THE END OF OVEREATING:
Taking Control of the Insatiable American Appetite
copyright: 2009, Rodale Books
Remember this guy…?
I vividly recall David Kessler, but not when he was appointed FDA commissioner by Republican president George H.W. Bush (with bipartisan approval no less). He was later reappointed by Clinton with what produced painful misgivings from Republicans.
Mr. Kessler is one smart guy, having advanced degrees both in Medicine and Law. Outside private industry, he also worked for Republican Senator Orin Hatch.
The (Dr.) Kessler I remember was trying to regulate the cigarette industry, meaning Americans would have to admit to society, and even worse, to themselves, that smoking was in effect “doing drugs.” While legislation never got off the ground, it surely left, as they say…a “bad taste” in one’s mouth. After losing this David vs. Goliath battle, the other David decided to write a book about American eating habits.
This website reviewed his book even though it’s a book about Nutrition. Because, in reality, it is the story of how Nutrition was hijacked by Food Inc. This Book Review is geared towards Socially Responsible Investors. Summary points:
- Individuals who would like to understand how the food industry operates
- Investment professionals following the food/services industry
- People trying to change their eating habits that don’t understand why they keep failing
What I liked:
- Despite Kessler’s advanced education, the book is very easy to read
- Well researched: the easy-reading is backed by a vast number of footnotes and personal interviews (amounting to 62 pages!)
- Provides another angle to health issues in the United States
- The author provided interesting personal details of his own food issues
What I didn’t like:
- Portions of material were repeated throughout the book
- An easy way to control one’s eating habits was not provided
- Solutions to the food industry’s behavior were not examined
- The author seemed determined to remove personal responsibility to those addicted to food
- Hadn’t realized how addictive food is
- Solving the industry’s overeating issue may be a larger battle compared to the FDA’s war with the tobacco industry (this is because food, unlike tobacco, is necessary to live)
- This book makes one wonder why Kessler didn’t do more as FDA commissioner to put a stop to GMOs and substitute ingredients in Fast Food and Processed foods
I purchased this book for my mom in 2009, who’s been overweight (or weight-worried) ever since I can remember. I recall she was on one diet after another, and mom attended Weight Watchers-like meetings, which, as a boy, reminded me more of group therapy (aka AA meetings). My little mind at the time hadn’t realized how close I was to the Truth!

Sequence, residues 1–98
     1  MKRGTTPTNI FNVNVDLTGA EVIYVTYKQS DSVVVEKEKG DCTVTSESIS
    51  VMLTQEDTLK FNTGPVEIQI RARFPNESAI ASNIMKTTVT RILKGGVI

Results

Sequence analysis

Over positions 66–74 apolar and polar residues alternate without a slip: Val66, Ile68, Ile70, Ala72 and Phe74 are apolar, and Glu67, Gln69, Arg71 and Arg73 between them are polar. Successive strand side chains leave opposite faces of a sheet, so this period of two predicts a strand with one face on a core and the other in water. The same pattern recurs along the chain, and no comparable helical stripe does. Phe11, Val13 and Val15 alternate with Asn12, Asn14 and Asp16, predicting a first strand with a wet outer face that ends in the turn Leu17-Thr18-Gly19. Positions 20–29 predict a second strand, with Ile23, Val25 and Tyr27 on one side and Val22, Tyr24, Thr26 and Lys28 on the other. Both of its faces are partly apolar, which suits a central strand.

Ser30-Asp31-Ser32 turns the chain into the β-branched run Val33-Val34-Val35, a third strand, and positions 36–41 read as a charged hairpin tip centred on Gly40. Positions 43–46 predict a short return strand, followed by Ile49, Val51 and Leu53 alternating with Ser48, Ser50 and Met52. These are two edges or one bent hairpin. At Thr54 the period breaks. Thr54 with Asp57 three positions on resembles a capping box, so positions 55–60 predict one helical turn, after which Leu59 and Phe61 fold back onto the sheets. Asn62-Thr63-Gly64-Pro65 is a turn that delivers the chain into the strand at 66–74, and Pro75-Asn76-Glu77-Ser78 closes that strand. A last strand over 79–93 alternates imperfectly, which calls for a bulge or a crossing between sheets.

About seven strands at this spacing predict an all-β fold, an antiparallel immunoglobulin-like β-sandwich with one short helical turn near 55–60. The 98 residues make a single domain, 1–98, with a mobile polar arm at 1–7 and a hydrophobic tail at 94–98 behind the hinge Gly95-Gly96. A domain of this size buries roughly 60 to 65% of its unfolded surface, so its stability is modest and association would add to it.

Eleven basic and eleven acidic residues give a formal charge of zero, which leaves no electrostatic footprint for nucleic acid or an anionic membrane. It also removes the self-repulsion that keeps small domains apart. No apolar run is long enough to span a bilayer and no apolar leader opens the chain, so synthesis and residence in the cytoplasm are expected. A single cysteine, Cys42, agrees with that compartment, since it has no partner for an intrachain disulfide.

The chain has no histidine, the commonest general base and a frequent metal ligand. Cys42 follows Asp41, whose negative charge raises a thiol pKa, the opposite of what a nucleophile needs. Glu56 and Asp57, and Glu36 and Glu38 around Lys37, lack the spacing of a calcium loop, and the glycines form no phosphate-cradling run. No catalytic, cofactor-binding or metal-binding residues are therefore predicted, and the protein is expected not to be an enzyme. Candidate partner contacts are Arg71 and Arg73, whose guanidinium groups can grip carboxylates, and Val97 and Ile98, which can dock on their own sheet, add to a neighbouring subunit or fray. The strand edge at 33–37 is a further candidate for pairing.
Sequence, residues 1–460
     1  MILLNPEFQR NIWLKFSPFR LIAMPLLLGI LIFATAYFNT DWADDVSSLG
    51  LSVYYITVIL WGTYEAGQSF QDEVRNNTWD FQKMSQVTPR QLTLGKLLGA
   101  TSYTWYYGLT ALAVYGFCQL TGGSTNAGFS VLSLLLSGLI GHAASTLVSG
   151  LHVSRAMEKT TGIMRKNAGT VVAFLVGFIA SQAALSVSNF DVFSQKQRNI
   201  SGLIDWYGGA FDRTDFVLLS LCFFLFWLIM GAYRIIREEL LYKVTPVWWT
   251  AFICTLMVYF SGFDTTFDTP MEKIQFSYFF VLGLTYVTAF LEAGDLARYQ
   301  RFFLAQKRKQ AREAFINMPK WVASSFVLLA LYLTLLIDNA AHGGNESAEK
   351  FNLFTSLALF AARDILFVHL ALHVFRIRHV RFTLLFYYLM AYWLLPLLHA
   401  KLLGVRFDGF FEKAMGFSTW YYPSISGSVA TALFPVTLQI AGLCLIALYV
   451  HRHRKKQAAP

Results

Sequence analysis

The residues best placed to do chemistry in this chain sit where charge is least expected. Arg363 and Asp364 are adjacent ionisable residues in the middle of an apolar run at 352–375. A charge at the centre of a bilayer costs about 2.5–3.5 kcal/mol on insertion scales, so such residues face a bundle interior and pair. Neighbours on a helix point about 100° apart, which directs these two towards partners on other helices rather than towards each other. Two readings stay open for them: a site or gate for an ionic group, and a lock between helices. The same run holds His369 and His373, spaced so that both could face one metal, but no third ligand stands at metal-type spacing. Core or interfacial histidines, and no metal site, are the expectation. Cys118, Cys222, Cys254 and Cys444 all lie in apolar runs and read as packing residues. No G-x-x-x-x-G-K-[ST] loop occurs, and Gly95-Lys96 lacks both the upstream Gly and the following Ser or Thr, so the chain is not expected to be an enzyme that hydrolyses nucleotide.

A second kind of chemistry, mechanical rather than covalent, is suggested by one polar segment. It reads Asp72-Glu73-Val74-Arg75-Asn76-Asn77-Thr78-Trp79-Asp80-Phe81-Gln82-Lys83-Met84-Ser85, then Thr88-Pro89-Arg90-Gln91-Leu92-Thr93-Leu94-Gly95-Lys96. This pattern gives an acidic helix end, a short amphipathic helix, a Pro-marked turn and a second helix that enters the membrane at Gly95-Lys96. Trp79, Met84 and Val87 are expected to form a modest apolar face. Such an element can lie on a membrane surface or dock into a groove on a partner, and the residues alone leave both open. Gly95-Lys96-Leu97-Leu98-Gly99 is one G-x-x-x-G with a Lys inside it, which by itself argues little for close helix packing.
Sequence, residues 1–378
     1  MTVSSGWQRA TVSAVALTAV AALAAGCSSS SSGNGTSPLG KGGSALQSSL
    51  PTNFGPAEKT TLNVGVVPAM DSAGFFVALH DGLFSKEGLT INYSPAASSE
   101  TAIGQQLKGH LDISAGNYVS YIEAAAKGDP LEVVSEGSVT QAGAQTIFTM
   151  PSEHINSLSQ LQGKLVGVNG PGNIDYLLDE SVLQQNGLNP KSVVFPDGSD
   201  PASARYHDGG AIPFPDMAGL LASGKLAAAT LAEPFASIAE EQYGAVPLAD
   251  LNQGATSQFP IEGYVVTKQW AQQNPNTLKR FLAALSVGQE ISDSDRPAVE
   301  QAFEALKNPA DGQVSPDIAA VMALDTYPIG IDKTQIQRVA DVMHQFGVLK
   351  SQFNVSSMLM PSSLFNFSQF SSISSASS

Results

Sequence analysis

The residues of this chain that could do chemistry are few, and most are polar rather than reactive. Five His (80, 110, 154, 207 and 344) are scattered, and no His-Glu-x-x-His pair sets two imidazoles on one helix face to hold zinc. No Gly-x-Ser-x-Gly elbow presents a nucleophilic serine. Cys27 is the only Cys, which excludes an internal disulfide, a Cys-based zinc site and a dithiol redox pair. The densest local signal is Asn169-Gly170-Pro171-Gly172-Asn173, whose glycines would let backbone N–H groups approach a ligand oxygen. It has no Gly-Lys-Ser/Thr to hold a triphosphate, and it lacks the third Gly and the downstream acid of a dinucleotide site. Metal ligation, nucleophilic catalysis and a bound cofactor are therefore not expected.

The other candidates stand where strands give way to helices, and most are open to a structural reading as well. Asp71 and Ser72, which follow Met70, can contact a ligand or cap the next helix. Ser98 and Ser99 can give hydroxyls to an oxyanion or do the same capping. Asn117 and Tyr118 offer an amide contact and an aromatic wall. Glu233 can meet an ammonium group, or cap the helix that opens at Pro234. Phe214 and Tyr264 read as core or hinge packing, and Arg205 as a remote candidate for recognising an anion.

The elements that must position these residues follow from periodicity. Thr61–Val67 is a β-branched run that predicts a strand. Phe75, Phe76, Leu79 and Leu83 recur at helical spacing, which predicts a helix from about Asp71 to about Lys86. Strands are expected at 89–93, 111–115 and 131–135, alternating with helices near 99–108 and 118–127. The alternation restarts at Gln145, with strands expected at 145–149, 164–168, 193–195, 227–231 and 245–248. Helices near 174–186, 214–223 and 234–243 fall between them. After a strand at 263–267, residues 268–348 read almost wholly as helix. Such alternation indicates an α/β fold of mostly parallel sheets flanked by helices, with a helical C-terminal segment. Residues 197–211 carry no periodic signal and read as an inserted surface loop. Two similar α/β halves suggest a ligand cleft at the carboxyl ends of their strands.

The book starts with Kessler’s personal experiences and love for sweets, especially freshly baked semi-sweet chocolate chip cookies. It then takes a top-down examination at America’s obesity problem and how the Food industry is contributing to both overweight and sickly Americans.
Essentially, Kessler believes that food, like drugs and alcohol, is addicting. The food industry knows this and has engineered foods that are highly palatable. Their recipe is a simple mix of salt, sugar and fat placed into foods. However, while the ingredients are simple, the proportions to which they’re applied, and the layering thereof are very scientific. This magic potion of ingredients applied to everything we eat has made food addicting in much the same way cocaine is. In fact, our bodies play off similar cues and have similar brain (e.g, dopamine) responses to foods.
The food industry, and we’re not just talking Wendy’s here, is responsible for this highly addictive food. It’s not just Fast Food chains, but sit-down family restaurants, food processors, and supply companies (i.e, ADM, Cargill) that all take part in this. Dr. Kessler had interesting interviews with food consultants and corporations with in-depth interviews with:
The final chapters focus on ways of treating food addictions including emotional learning and negative associations (i.e, telling yourself “food: bad”). One of Kessler’s solutions is what he calls “planned eating” which is eating just enough to get you through the next four hours.
Applying this book to Socially Responsible Investing:
When analyzing potential investments in the food industry, there has to come some point (this is for the investor to decide) at which a food company is held responsible for the ingredients it is using and the affects its food is having on customers/society. Should candy, desert and fast-food companies be screened-out of SRI lists?
But maybe, say a Chipotle should be included in a positive SRI screen given its “food with integrity” program.
How about Starbucks? You can’t get much more socially responsible than Starbucks. But did you know their Strawberries & Creme Frappucino with whipped cream has 18 teaspoons of sugar? So now then, what do we do with Starbucks?
That is the question…